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Identifying potential to increase the conversion rate

Before embarking on a conversion optimisation project it’s important to have a well-thought-out concept to avoid losing potential sales, define a test strategy and roadmap before starting. In principle every page can be optimized, however, certain pages have a greater influence on the conversion success than others.

 

Identifying potential is indispensable for a successful optimisation

Identifying potential is indispensable for a successful optimisation

But how do you decide which page to test and optimise first? When optimising a landing page this is quite clear. But if you want to analyse an entire online store you need to choose between the following pages:

  • The store’s home page
  • Category pages
  • Product detail pages
  • Additional landing pages
  • Shopping cart page
  • Check out process

 

The answer to the question, which page to optimise first, seems logical: you should start with the page that has the most potential to increase your sales and profit. To find out which one that is, you should evaluate the results of web analysis tools such as Google Analytics or eTracker. We will not be able to explain the complex process in detail in this article. Instead we want to demonstrate, with illustrative observations, how to make such a decision:

Which pages have the most views? With a landing page that has only 100 visitors it is not advisable to start an optimisation process. Even if the conversion rate increases by 50%, it would have little influence on the overall sales.

Which steps in the conversion funnel have the highest exit rates? Are your visitors adding products to their shopping carts? If not, then it indicates that the product detail page needs to be optimised. Or is there a step in the check out process with a particularly high number of cancellations? If so, you could start testing different versions of this step.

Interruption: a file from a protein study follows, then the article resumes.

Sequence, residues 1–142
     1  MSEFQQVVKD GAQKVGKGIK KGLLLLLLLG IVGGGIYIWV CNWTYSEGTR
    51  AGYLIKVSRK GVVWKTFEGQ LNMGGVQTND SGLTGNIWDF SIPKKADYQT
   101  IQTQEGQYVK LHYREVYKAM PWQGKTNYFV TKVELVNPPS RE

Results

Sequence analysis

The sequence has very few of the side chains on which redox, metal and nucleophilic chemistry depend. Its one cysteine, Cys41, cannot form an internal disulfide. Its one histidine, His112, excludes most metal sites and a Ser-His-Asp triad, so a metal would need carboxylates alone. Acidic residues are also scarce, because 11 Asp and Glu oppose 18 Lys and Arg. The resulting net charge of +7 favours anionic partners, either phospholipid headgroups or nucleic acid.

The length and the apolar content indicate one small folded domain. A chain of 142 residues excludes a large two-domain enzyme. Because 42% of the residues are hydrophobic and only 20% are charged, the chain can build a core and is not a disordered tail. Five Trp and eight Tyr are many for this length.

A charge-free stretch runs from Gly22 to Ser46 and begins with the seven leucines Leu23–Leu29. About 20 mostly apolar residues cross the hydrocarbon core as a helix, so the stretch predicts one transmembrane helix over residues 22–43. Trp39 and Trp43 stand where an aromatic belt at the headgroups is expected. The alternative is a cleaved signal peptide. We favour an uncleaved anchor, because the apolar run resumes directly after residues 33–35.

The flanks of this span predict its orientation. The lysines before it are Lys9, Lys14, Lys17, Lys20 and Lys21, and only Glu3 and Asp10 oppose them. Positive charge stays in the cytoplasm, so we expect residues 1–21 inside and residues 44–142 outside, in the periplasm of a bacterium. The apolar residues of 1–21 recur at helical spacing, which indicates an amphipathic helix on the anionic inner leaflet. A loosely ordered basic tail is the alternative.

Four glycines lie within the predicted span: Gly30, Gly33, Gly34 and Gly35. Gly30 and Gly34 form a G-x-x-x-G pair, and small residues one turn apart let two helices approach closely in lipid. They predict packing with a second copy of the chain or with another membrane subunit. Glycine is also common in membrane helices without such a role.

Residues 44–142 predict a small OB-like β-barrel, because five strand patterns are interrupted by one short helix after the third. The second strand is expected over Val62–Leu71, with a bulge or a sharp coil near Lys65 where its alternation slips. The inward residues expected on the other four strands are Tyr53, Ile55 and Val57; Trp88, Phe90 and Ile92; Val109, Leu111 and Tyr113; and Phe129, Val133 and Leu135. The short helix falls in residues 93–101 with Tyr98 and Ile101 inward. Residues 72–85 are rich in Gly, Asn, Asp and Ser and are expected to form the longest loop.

Which landing pages have the highest bounce rate? If visitors leave the page without having clicked anywhere, the problem most probably lies within the structure of these pages.

How many conversions were generated by visitors who have seen the relevant page? It is quite possible that landing pages about certain topics will lead to many views, but little conversions. If this is the case, you should not test these pages because, due to the low number of conversions, you will not receive statistically relevant data.

Apart from these questions, which can all be answered with web analysis data, there are of course other questions that are important for the decision-making process. Such as, how difficult is it to modify the relevant page or to create different versions for it? For stores with a large and diversified product range it can be very time-consuming to test product detail pages, since you will need to make many modifications for the respective items. You should therefore consider whether the required effort is worthwhile.



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